Brazilian Medical Societies propose a new obesity classification based on weight history

Daniela Barros, post graduate student of the Surgical Clinic Program at Ribeirão Preto Medical School, University of São Paulo (FMRP-USP). Ribeirão Preto, SP, Brasil.

Logo archives of Endocrinology and Metabolism The Brazilian Society of Endocrinology and Metabolism (SBEM) and the Brazilian Society for the Study of Obesity and Metabolic Syndrome (ABESO) propose a new obesity classification based on the maximum weight attained in life (MWAL). In this classification called Proposal of an obesity classification based on weight history: an official document by the Brazilian Society of Endocrinology and Metabolism (SBEM) and the Brazilian Society for the Study of Obesity and Metabolic Syndrome (ABESO), individuals losing a specific proportion of weight are classified as having “reduced” or “controlled” obesity.

This simple classification could help disseminate the concept of clinical benefits derived from modest weight loss, allowing individuals with obesity and their health care professionals to focus on strategies for weight maintenance instead of further weight reduction. The authors highlighted that this proposal is not intended to replace others already published, but to serve as an adjuvant tool (HALPERN et al., 2022).

The main strength of this simple new classification is the emphasis on the achievement of weight loss goals with clinical treatment, as defined in several guidelines. This proposed classification yields a more comprehensive view of the individual’s weight status and establishes future objectives for patients and health care providers.

Halpern et al. believe that this simple and ready-to-use classification can help reduce the stigma of clinical obesity treatment, improve long-term compliance to obesity therapy, and facilitate the understanding that obesity is a chronic and recurrent disease. The only information that must be reliably obtained is the individual’s MWAL, which has previously been proposed as important information in the clinical setting (CALL et al.; KUSHNER et al., WADDEN et al.).

Obesity is a disease associated with several complications, which in turn cause and aggravate other acute and chronic diseases and reduce life expectancy (PROSPECTIVE STUDIES COLLABORATION et al.; FONTAINE et al.; BRAY et al.). Although highly stigmatized and perceived by many as a “lifestyle choice” easily treatable by changes in behavior, obesity is instead associated with considerably high rates of treatment failure and a progressive course across life (BRAY et al.; HALPERN et al., 2015). Obesity is also a chronic disease associated with impaired physical and mental health.

A yellow tape measure spirals over a wooden floor. Behind it the feet of a white-skinned person on top of a bathroom scale.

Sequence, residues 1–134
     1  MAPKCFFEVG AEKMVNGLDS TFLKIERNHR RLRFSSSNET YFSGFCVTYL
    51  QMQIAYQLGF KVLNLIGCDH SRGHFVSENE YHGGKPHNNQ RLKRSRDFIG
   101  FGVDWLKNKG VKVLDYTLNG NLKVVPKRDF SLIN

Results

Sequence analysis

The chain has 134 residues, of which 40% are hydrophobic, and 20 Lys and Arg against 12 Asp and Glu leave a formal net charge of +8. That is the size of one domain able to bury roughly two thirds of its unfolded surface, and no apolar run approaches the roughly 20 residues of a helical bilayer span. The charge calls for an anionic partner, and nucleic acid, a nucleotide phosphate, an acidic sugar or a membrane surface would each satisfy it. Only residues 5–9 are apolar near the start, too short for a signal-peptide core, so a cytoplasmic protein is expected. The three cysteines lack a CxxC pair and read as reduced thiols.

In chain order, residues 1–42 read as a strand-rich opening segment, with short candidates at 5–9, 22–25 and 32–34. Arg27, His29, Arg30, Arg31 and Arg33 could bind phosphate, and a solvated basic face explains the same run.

Imagem: iStock

A widespread view in the treatment of obesity is that the goal is to normalize the individual’s body mass index (BMI). However, a modest weight loss (usually above 5%) is already associated with clinical improvement, while weight losses of 10%-15% bring even further benefits, independently from the final BMI. The percentage of weight reduction is accepted as a treatment goal since a greater decrease in weight is frequently difficult to achieve due to metabolic adaptation along with environmental and lifestyle factors.

The stigma of obesity – unfortunately very common in health care and across society – is associated with poorer health outcomes and further weight gain (RUBINO et al.; ROBINSON et al.). With this proposed classification being implemented, future studies can be performed to evaluate its impact on weight stigma.

A classification of obesity based on the presence of comorbidities and disabilities as a staging system (like the classifications used in oncology) has also been proposed, for example, the Edmonton Obesity Staging System (WHARTON et al.; SHARMA et al., 2017; SHARMA et al., 2009). This system is simple and useful to evaluate the risks and benefits of different obesity treatments but has some limitations as, for example, the parameter of “psychological burden” included in the classification cannot be objectively defined. Some professional associations have suggested that the term “obesity” should be changed and that the classification of excess fat impairing health should receive different terminologies – such as adiposopathy or adiposity-based chronic disease (ABCD) – but these recommendations have only been used in limited settings (SHARMA et al., 2017; MECHANICK et al.).

It’s noteworthy that the aim of this proposed classification by Halpern et al. is not to replace traditional and consolidated classifications, but rather be an adjuvant tool to guide clinical treatment and help interpret the findings of clinical research and interventions in the field of obesity. This classification can be further improved in the future and be validated in observational and intervention studies. (HALPERN et al., 2022).